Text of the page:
Using “sexual development disorders” to describe intersex conditions is only “marginalizing” if we think “sex identity” can be separated from our bodily reproductive capabilities, as the sexual revolution promised it could be. If, instead, we treat them as unfortunate, yet often correctable developments that have a pervasive effect on a person’s life and opportunities—as we do with other disorders—then they simply present one more opportunity for Christians to bestow welcome, compassion, and support, even while affirming the binary of male and female for theological reasons. Paradoxically, such a stance affirms the medical account of such disorders, science that DeFranza repeatedly accuses conservative Christians of ignoring.
Additionally, I have questions about what DeFranza’s model of “inclusivity” means on other contested moral questions. Although she admirably attempts to thread impossibly-small needles, she is not always persuasive. For instance, she tries to so stave off the more extreme consequences of rejecting the (allegedly) “simplistic binary model” of male and female. Among her other objections, she worries that proposals that affirm polyamory and communal sexual practices “come with baggage likely to prejudice more conservative Christians against even their more modest contributions.” She also worries that their advocates “will have a harder time making sense of the normative nature of marriage in Scripture and tradition,” and, in response to one such advocate, suggests that the affirmation of more extreme practices “leads one to wonder just where she draws the line for sexual ethics.”
But given her suggestion that the male-female binary is “oppressive,” why DeFranza herself draws the line at “monogamous unions” is less than clear. As she points out, the weight of Scripture and tradition are opposed to same-sex unions. But she’s sympathetic to “pastoral accommodations” around “monogamous unions” that might bring together those who disagree about homosexuality. In that case, why not offer “pastoral accommodations” for polygamous unions as well? And if, as DeFranza argues, male-female marriages are only one pattern of divine love, and that Adam and Eve are “only the beginning,” why can’t we affirm polyamorous individuals, provided they are “godly” and “Spirit-filled”? DeFranza is right to elevate our “ecclesial identity” above our sexual identity. But that is hardly incompatible with preserving a gender and sex binary both inside and outside the church..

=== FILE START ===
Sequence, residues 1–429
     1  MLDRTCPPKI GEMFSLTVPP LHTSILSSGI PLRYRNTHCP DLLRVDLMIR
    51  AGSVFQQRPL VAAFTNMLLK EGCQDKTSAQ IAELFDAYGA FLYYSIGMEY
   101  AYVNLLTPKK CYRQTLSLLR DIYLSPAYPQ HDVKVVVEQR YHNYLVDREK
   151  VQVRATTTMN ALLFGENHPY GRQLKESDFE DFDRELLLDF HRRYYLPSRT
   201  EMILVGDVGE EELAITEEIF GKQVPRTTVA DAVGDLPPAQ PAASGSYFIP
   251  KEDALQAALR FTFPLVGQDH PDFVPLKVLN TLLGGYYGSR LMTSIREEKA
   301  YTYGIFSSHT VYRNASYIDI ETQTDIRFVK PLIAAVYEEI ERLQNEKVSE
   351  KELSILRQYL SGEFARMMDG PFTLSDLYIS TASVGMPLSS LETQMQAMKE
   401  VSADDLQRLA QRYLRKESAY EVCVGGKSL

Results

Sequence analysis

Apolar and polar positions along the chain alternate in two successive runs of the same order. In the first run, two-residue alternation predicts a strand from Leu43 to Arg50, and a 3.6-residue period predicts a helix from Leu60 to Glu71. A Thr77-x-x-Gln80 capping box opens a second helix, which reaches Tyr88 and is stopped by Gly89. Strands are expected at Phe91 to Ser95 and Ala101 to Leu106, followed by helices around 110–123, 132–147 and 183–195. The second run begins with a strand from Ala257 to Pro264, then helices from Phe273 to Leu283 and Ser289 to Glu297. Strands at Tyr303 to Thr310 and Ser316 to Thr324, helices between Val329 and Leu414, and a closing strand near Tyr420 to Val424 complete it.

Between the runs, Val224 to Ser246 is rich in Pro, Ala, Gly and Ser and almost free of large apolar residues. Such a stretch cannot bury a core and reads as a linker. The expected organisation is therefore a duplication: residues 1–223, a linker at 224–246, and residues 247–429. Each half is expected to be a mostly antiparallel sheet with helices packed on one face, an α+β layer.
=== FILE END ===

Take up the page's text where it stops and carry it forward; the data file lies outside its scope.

A Jesus for Everyone
At the heart of DeFranza’s book is an assumption about what inclusion demands of us. But why, as a condition of feeling welcomed, must the Jesus we worship possess traits we deem “essential” to our self-understandings? And why stop at sex or race? Perhaps it will be useful to construct a Canadian or British Jesus for the expats among us. (The contingencies of geography may be just as essential and pervasive for a person’s self-understanding—as tourists in strange places will readily understand). Or maybe we should hold up a football-playing Jesus on Super-Bowl Sunday.
Cheeky examples aside, DeFranza’s approach to inclusion risks making the first-century, Jewish, and—yes—male body of Jesus irrelevant to his identity and salvific work. Obscuring the reasons why those dimensions may have been essential within the Jewish narrative that Christ lives out may actually cause us to misunderstand their point, and to misconstrue our own humanity as a result. What happens when we fail to see how the life of the male body of the divine man Jesus includes the entire cosmos within its scope? The natural outcome is an ever-expanding list of subcommunities and identities within the church, which obscures our common status as “other” to the irreducibly unique Incarnate Lord. We’re prone, these days, to taking offense at the maleness of Jesus. But reimagining and reconstructing Christ’s body in our own images can only introduce new and more pernicious dualisms into the faith.
These are, I admit, fine-grained critiques. And DeFranza’s work should be commended for pushing conservative theologians to greater attentiveness toward difficult questions about the nature and boundaries of sexual identity. But the way forward sometimes requires walking backward, behind not only the assumptions of theologians we read but also the assumptions of the world in which we live. Conservative Christians need guides to help us respond to the challenges at hand. Despite its best efforts, Sex Difference in Christian Theology seems too deeply immersed in the assumptions of the sexual revolution to reliably fill that role.
Matthew Lee Anderson is the author of Earthen Vessels: Why Our Bodies Matter to Our Faith (Bethany House).